• 428.  
    Nurse, won't you let him in?
    He's barkin' an' scratchen' the door,Makin' so dreffel a din
  • 429.  
    My garden robin in the Spring
    Was rapturous with glee,And followed me with wistful wing
  • 430.  
    Mumsie and Dad are raven dark
    And I am lily blonde.‘'Tis strange,' I once heard nurse remark,
  • 431.  
    Blind Peter Piper used to play
    All up and down the city;I'd often meet him on my way,
  • 432.  
    ‘A man should write to please himself,'
    He proudly said.Well, see his poems on the shelf,
  • 433.  
    Courage mes gars:
    La guerre est proche.
  • 434.  
    Painter, would you make my picture?
    Just forget the moral stricture. Let me sit
  • 435.  
    The lady at the corner wicket
    Sold me a stamp, I stooped to lick it,And on the envelope to stick it;
  • 436.  
    When young I was an Atheist,
    Yea, pompous as a pigeonNo opportunity I missed
  • 437.  
    You talk o' prayer an' such-
    Well, I jest don't know how;I guess I got as much
  • 438.  
    In youth I gnawed life's bitter rind
    And shared the rugged lotOf fellows rude and unrefined,
  • 439.  
    'Twas a year ago and the moon was bright
    (Oh, I remember so well, so well);I walked with my love in a sea of light,
  • 440.  
    Jerry MacMullen, the millionaire,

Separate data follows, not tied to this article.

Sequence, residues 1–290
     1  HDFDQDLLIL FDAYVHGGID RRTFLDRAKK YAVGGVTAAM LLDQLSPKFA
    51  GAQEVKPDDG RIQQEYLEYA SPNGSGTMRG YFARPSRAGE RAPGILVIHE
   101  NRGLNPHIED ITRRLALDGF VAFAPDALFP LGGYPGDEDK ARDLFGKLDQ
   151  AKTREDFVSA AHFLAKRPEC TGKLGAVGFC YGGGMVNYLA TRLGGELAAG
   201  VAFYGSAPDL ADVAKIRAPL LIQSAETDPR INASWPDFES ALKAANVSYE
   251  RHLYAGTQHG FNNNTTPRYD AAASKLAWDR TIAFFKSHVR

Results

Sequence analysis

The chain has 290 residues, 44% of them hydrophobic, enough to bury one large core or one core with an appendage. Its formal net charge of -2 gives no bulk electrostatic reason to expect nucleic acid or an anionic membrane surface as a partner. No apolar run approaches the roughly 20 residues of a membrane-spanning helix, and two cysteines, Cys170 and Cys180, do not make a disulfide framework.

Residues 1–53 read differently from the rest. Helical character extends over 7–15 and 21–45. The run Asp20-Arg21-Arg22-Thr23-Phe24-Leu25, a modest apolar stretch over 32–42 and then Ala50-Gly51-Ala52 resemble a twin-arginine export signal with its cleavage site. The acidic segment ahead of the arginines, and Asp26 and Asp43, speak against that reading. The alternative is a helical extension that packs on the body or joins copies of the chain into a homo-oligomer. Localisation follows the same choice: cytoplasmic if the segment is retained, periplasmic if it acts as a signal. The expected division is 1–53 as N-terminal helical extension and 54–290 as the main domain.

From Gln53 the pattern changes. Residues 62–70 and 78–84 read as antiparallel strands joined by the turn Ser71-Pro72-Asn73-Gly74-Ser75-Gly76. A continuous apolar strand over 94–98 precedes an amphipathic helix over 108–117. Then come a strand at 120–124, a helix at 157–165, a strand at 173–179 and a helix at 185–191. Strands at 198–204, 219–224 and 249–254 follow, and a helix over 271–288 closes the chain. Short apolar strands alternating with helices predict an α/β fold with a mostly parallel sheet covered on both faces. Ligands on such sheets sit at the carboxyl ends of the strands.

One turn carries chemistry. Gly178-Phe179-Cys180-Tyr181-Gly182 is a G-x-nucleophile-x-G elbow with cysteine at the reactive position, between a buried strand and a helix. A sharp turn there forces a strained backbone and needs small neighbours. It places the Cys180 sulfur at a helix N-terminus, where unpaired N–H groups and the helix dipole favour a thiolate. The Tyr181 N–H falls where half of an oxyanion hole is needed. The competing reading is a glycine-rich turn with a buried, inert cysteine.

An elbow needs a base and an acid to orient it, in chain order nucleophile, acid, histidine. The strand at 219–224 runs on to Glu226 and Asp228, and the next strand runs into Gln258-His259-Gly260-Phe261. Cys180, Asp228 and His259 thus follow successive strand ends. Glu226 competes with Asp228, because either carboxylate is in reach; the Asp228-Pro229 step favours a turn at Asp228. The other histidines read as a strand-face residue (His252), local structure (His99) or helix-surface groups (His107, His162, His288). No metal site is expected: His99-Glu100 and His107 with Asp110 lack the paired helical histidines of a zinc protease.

Driving a red-meat bus out there-How did he win his Croix de Guerre?
  • 441.  
    Oh you who are shy of the popular eye,
    (Though most of us seek to survive it)Just think of the goldfish who wanted to die
  • 442.  
    It hurts my pride that I should be
    The issue of a night of lust;Yet even Bishops, you'll agree,
  • 443.  
    Oh how it would enable me
    To titillate my vanityIf you should choose to label me
  • 444.  
    The red-roofed house of dream design
    Looks three ways on the sea;For fifty years I've made it mine,
  • 445.  
    The porter in the Pullman car
    Was charming, as they sometimes are.He scanned my baggage tags: “Are you
  • 446.  
    One said: Thy life is thine to make or mar,
    To flicker feebly, or to soar, a star; It lies with thee-the choice is thine, is thine,
  • 447.  
    Rosemary has of dolls a dozen,
    Yet she disdains them all;While Marie Rose, her pauper cousin
  • 448.  
    Behold! the Spanish flag they're raising
    Before the Palace courtyard gate;To watch its progress bold and blazing
  • 449.  
    Poets may praise a wattle thatch
    Doubtfully waterproof;Let me uplift my lowly latch
  • 450.  
    It's not for laws I've broken
    That bitter tears I've wept,But solemn vows I've spoken
Total 831 poems written by Robert Service

Poem of the day

Two Songs For Solitude: The Solitary
 by Sara Teasdale

Let them think I love them more than I do,
Let them think I care, though I go alone,
If it lifts their pride, what is it to me
Who am self-complete as a flower or a stone?

It is one to me that they come or go
If I have myself and the drive of my will,
And strength to climb on a summer night

Read complete poem